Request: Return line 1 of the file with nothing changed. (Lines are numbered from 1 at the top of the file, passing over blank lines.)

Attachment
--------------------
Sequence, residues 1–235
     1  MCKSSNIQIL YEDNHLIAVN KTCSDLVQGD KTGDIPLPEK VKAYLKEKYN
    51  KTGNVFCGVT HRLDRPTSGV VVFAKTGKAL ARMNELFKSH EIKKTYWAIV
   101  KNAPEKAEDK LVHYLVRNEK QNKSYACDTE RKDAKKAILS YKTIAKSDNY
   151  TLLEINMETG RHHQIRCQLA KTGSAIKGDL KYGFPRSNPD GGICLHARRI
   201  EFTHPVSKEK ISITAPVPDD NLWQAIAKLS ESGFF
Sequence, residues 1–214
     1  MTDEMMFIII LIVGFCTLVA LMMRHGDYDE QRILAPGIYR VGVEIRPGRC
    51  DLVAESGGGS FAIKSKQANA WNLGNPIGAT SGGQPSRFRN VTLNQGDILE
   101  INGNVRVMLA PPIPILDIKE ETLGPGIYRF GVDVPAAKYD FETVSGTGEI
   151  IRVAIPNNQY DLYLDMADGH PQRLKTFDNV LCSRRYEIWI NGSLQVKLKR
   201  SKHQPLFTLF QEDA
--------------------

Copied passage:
Sequence, residues 1–235